Every source I can find right now just says something like 'energy/ heat is released by nuclear fission' but I can't find a description of the specific mechanism.

I know that the energy 'conversion' so to speak is from 'nuclear' [in the mother nucleus] to 'thermal' [in the coolant (water)], but I'm looking for an understanding of what's happening on a fundamental level.

I know that the daughter nuclei and free neutrons will have kinetic energy. Is this then transferred to the water via atomic collisions?

Do the gamma rays help to heat the water? If so, how?


When an isotope fissions, it releases somewhere between 2-3 fast neutrons, prompt gamma rays, and usually two fission products. The fission products are radioactive, and some of the fission product decay releases additional energy in the form of beta rays, gamma rays, and neutrinos.

Most of the energy (about 80 percent) is released as kinetic energy of the fission products, which causes the nuclear fuel to heat up. In most commercial reactors, water flows through the core to remove the heat from the fuel, and the water is used to produce steam for a turbine.

There are several different sources for exactly how much energy is released. In the book "Nuclear Reactor Theory", by J. R. Lamarsh (1966), the following table is given:

Fission fragments  168 MeV
Fission product decay
  beta rays          8 MeV
  gamma rays         7 MeV
  neutrinos         12 MeV  (this energy cannot be recovered)
prompt gamma rays    7 MeV
Fission neutrons     5 MeV
Total              207 MeV

More up-to-date data can be found in the ENDF/B data, but it is fairly close to the table shown above.

| cite | improve this answer | |

In nuclear reactors the heat is used (if it is used1) to drive some kind of engine. In large land-based power-plants the heat absorbed by water is used to drive steam turbines.2 Most of these reactors have use water as a moderator, so the working parts of the reactor are under water at all times. In graphite moderated reactors the working fluid (i.e. water) runs through the moderator in pipes and is heated by contact with the hot moderators.

At the microscopic level heat occurs when fast fission fragments or gamma rays hit other molecules and set them in motion.

There is also a class of devices called "radiothermal generators". These use the heat more directly to run electrothermal generators. This is even less efficient, but they have no moving parts and are very compact. They are used on spacecraft.

1 Some small reactors are run purely for training or to make use of the neutron flux. Often called "test reactors" they are not used to generate power at all.

2 For safety reasons the water heated by the reactor is actually run through a heat exchanger to heat a different water supply which is used to run the turbine.

| cite | improve this answer | |
  • $\begingroup$ OK, thanks. My question is how is "heat absorbed by water"? $\endgroup$ – User 17670 Jun 6 '18 at 19:42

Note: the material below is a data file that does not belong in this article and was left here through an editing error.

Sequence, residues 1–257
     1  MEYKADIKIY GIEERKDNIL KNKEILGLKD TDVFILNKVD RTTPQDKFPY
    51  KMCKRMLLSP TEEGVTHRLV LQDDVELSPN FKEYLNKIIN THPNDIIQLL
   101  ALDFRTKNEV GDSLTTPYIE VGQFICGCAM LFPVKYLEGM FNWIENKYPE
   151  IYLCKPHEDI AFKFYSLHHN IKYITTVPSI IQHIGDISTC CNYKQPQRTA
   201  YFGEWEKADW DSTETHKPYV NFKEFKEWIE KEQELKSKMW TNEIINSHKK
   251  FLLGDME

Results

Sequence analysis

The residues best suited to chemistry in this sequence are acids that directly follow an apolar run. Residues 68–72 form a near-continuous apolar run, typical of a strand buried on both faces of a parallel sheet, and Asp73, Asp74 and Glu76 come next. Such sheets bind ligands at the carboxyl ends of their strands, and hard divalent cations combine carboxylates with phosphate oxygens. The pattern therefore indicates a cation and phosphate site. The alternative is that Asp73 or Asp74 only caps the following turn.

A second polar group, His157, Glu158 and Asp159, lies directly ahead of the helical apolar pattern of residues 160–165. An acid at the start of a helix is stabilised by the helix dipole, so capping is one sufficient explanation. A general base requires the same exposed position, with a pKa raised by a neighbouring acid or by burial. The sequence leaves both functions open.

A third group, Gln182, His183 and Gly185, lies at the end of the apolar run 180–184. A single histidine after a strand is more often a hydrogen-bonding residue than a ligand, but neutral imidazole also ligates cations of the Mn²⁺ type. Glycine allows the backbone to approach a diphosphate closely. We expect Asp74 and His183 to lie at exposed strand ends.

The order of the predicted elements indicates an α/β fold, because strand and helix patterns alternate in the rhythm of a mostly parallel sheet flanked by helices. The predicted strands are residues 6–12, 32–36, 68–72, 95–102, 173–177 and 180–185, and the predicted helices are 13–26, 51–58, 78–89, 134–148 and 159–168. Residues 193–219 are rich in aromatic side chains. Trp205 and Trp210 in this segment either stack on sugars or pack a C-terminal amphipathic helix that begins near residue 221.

• $\begingroup$ Excellent, "At the microscopic level heat occurs when fast fission or gamma rays fragments hit other molecules and set them in motion." was just what I was looking for. Don't suppose you have a source do you? $\endgroup$ – User 17670 Jun 6 '18 at 19:51
  • 2
    $\begingroup$ The relationship between the motion of microscopic parts of a material and temperature is the subject of "kinetic theory" and is roughly 125 years old. Any general physics text or text of thermal physics will do. The interaction of ionizing radiation and matter is younger—perhaps only 75 years old—but any text on radiation protection, or nuclear/particle physics experimentation will cover it in detail. There is also a chapter on the matter in the particle data book, though it assumes you already know the basics and are just need a reminder on the details. $\endgroup$ – dmckee --- ex-moderator kitten Jun 6 '18 at 19:57
  • $\begingroup$ Yeah, I'm clearly not after a source for kinetic theory itself. I wondered how much of the heating from was the fast fission fragments and how much from the gamma rays (if at all) $\endgroup$ – User 17670 Jun 6 '18 at 20:01
  • 4
    $\begingroup$ @User17670 Actually, the fast fission fragments almost never interact directly with the water (or other heat transfer medium) but stop inside the fuel elements due to collisions with atoms (fuel, fission products, or containment materials which prevent the fuel from entering the water) . This increases the temperature of the fuel element, and hence the surface of the element, probably some metal such as zirconium or stainless steel. The water (or gas) surrounding the fuel element then heats by conduction and radiation because it is at a temperature lower than the fuel element. $\endgroup$ – Bill N Jun 6 '18 at 20:55

Your Answer

By clicking “Post Your Answer”, you agree to our terms of service, privacy policy and cookie policy

Not the answer you're looking for? Browse other questions tagged or ask your own question.